2014 Wasatch Back Ragnar Relay

Date: June 27 & 28, 2014

Distance: 196.4 miles

Location: Logan to Park City, Utah

Team of 12 

Time: 32-ish?18ShirtMedal
This year marked the fifth time I’ve run the Wasatch Back, I hadn’t been planning on it until a campus-wide email announced the need for additional team members on the Westminster team, “Staggering Parsons” (a reference to our pre-Griffin mascot).

As always, I enjoyed the weekend. This year, in particular, gave me the opportunity to get to hang out with co-workers I don’t usually get to spend much time with. Staff and faculty alike comprised the team–along with two non-Westminster runners. Primarily, our team included folks from Student Life and the School of Arts and Sciences. And, I believe this will be the most highly educated team I will ever run with. Annie and I joked about how we were relegated to the back of the van as we, from our backseat perspectives, realized that we merely held master’s degrees while the rest of our van mates held PhDs.

Overall, the race went well. The weather mostly cooperated and the weekend, as always, was filled with sleep deprived laughter and fun.

This year, I was runner #4, which meant  that I took on one of the easier sets of legs. That worked well for me since I would be running the Missoula Half just two weeks later.Finish line

Will I run another Ragnar Relay? Yep, probably. These weekends always give me the chance to get to know people in entirely new contexts, and that makes it very, very fun.



Stick it out

Date: June 22, 2014

Distance: 10 miles

Time: 1:52:51

Yesterday, I completed a ten-mile training run and thought a lot about the importance of sticking it out.


http://www.pinterest.com/irunhappy/run-happy/ (Forgive the capital “R”. Not my creation. Like the sentiment, however.

This thought–about the need to be persistent during a particular workout–was most likely brought on by the fact that I chose to run five miles uphill before I turned around and rewarded myself with the much-easier five miles down. I hate hills. They really suck. But, I must admit–sometimes the first couple of miles of any run feels challenging, no matter the terrain or elevation. To get through those first tough miles, I repeated, “stick it out, stick it out, stick it out” dozens of times in order to keep myself focused.

Even after eight years of running, I still have days when I start out and nothing is coming together–I hurt, my muscles feel tight, I can’t get my breathing under control, and–in short–it’s not fun at all.

Thankfully, because I’ve been running for awhile, I know that this feeling is most likely temporary. I just need to stick it out until my muscles loosen, my breath falls into a calm, steady rhythm, and my mind opens up because I forget that I’m running. I just need to stick it out.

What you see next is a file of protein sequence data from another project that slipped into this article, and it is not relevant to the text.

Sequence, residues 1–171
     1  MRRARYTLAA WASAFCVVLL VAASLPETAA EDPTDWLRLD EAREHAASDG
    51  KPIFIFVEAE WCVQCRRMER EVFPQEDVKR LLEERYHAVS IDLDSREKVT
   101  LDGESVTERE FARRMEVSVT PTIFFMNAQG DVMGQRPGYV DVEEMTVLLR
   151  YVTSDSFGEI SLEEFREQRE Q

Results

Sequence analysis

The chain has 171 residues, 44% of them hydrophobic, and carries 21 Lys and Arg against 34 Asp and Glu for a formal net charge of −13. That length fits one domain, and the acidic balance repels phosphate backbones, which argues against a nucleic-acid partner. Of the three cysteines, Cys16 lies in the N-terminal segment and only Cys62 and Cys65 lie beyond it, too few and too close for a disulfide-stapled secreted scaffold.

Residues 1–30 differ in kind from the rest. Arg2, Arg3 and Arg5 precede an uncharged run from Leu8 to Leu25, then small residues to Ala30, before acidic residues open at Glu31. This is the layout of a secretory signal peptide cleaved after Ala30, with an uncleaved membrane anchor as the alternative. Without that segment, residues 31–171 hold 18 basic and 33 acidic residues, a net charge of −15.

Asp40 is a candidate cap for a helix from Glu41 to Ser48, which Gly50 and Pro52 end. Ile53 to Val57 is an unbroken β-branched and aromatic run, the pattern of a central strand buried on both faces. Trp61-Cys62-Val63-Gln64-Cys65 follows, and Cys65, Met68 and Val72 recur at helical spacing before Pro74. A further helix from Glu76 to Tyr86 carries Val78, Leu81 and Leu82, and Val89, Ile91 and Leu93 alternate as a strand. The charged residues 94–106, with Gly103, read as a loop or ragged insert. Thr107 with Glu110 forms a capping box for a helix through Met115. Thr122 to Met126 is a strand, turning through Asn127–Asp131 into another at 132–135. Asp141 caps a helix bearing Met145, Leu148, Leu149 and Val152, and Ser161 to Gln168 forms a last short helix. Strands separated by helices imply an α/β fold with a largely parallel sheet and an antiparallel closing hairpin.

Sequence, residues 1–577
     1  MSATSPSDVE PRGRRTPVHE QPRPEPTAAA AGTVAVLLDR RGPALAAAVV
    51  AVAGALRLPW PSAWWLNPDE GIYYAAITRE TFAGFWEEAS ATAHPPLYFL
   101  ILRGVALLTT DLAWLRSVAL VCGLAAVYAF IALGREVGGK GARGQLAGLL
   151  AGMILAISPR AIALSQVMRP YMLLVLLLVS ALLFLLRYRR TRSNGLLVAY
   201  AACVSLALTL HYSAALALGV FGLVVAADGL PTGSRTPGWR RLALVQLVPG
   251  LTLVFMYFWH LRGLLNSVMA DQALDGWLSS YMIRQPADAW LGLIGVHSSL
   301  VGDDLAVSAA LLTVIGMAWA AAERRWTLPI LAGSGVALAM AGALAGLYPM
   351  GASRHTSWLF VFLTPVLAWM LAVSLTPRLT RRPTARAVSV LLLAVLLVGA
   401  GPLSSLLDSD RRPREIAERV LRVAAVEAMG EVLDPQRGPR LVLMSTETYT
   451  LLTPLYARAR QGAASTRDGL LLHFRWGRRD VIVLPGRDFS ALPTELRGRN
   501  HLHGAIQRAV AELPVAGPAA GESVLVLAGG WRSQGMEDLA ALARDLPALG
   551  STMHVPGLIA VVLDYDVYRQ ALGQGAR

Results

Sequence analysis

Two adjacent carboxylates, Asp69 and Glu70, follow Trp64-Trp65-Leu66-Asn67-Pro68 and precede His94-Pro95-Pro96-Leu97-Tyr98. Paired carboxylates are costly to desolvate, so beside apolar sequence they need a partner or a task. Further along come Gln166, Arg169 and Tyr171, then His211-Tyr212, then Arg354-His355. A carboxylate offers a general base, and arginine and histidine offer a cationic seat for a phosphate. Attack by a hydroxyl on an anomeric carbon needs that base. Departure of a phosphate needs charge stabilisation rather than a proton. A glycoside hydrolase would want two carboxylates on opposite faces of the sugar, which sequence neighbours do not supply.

For me, things generally come together about 1.5 or 2 miles in. This common physiological reality is probably why people who say they hate to run honestly hate to run. They most likely haven’t ever gotten past those initial couple of miles and experienced “the good part.” After all, why would anyone run if it always hurt and was a struggle? It takes awhile, though, to work up to one or two miles when running and many people simply don’t have the patience or the will to stick it out.

Before I started running regularly, I remember how awful some of my first attempts felt. I used to be in awe of runners who ran “for fun” and genuinely seemed to enjoy running. Blech. I hated it and could never understand how they got to that point. I remember thinking that some people are just built for running and I’m not.

In reality, I just had never given myself a fair chance to build up to the point where I could start to enjoy running–where I could experience the benefits of running. That took me years. I wished I would have stuck it out back then, but I didn’t have the patience.

The idea of sticking it out not only applies to singular workouts–it also applies to an entire training plan or one’s general approach to healthier living and long-term goals. This weekend, I was provided with a reminder.

Being Reminded About the Need to Stick it Out

I’ve often written about my affinity for Bikram yoga. When I practice yoga, I am stronger, I have more clarity, I experience increased flexibility, I have improved balance, I sleep better, and I’m an all-around nicer person. So, why oh why did I quit going to classes about a month ago when I know how beneficial a regular practice is?

As sometimes happens, life got in the way. I had a particularly busy schedule last month and started cutting back on yoga classes–telling myself I didn’t have time. Thankfully, I (mostly) still kept up my running schedule.

After realizing that I had let an entire month slip by without attending a yoga class, I dragged myself to class on Saturday. And, what did I notice? I didn’t feel as strong. I was distracted. I had almost no flexibility. And the next morning? I was SORE!

Rather than beat myself up about my lack of discipline, though, I’ve used this experience as motivation to re-commit to a regular practice.  I’ve got to get back to my twice-a-week yoga routine.

It’s depressing, but it’s reality. It doesn’t take long to lose fitness levels when workouts stop. It’s much better to maintain those levels with a regular workout routine so the many benefits of regular exercise continue.

When life starts to get in the way, or when that training run starts out in agony, I just need to remind myself to stick it out. It’s worth it.




2014 Race for Grief

Date: May 26, 2014

Distance: 6.2 miles

Time: 1:00:04 (gun time); 59:47:37 (Garmin time)

Today was a beautiful day to run. I was glad I had this race on my calendar but was a bit concerned because I spent the past two days fighting some sort of a stomach virus. My goal was to run this in under an hour and I did. Barely, but I did, so I’m happy–that is, if I count my Garmin time, which I will since I didn’t cross the start until a few seconds after the 5K runners started.

This race is a nice event that brings together parents who have lost babies. Others also run the race commemorating older loved ones who have passed away, and there’s a nice spirit of shared support at this event. I’ve found it to be a very satisfying way to take time and honor Melanie, whom we lost four years ago.

Shirt and medal

Shirt and medal

I wrote in more detail about the event last year at this link.